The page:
Many residential systems are limited by roof space not desired capacity.  And a substantial fraction of the cost of residential systems is fixed.  As such, by increasing the array capacity those costs can be amortized over a larger project.  This reduces the cost per watt and therefore the cost per kwhr.  As module prices have dropped Balance of System costs for racking, wires etc. are contributing a larger percentage of system costs.  Because more efficient modules provide more energy per square foot, they reduce the cost of balance of system components on a dollars per watt basis.

The recent announcements offer the final piece of the puzzle, gigawatt scale manufacturing that can provide high volume and lower price.  Solar city is doing that with their PV gigafactory and Panasonic has the scale to develop manufacturing on a globally significant level.  When Sunpower was the only game in town and they were producing a tiny fraction of the worlds PV modules, it really didn’t matter how much their modules cost, they had no real impact on the cost of solar globally.  However with the emergence of gigawatt scale assembly lines, Solar City’s vision of PV reaching grid parity even as incentives are phased out, appears to be coming to pass.  And in volumes with global significance.  Clearly the industry is rapidly transitioning to greater than 20% efficiency as the new normal.  And with it, the brass ring of cost effective solar without subsidies is rapidly coming within reach.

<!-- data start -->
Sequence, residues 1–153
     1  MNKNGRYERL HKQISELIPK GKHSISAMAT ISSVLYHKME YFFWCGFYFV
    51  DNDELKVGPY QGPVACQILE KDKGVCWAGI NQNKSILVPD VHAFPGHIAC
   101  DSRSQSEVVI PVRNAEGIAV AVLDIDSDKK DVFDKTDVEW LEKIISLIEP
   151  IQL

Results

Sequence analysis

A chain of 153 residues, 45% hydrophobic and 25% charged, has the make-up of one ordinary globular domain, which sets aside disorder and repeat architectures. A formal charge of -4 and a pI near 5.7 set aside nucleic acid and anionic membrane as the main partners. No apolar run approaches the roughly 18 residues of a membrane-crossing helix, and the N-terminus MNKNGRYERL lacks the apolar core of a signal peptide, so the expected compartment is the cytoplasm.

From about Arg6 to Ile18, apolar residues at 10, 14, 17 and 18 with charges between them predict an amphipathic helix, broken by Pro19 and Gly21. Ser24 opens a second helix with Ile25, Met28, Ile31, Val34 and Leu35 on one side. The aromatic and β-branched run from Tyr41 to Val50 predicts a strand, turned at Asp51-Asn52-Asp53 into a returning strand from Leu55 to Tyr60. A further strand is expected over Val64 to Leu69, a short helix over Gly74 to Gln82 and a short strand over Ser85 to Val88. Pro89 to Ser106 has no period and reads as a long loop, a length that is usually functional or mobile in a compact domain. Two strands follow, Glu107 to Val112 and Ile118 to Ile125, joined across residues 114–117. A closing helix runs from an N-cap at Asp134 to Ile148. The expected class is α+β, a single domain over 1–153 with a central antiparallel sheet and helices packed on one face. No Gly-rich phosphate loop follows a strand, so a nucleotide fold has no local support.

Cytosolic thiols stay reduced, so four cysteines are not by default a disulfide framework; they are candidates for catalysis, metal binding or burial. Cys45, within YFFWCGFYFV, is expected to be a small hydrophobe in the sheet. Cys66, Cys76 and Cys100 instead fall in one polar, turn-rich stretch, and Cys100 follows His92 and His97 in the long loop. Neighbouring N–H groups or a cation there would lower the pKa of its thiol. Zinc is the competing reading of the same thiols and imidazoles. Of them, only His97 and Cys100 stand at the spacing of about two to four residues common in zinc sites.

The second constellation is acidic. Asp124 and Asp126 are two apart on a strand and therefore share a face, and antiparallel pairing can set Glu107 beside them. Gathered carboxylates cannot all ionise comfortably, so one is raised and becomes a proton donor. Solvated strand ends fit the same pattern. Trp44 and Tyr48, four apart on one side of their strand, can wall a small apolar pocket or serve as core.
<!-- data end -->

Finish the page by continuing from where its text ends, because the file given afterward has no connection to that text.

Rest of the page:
A story that came out after mine that has the same idea.

Posted in New Energy Paradigm | 8 Comments

Tesla Just Got The Highest Rating Consumer Reports Has Ever Given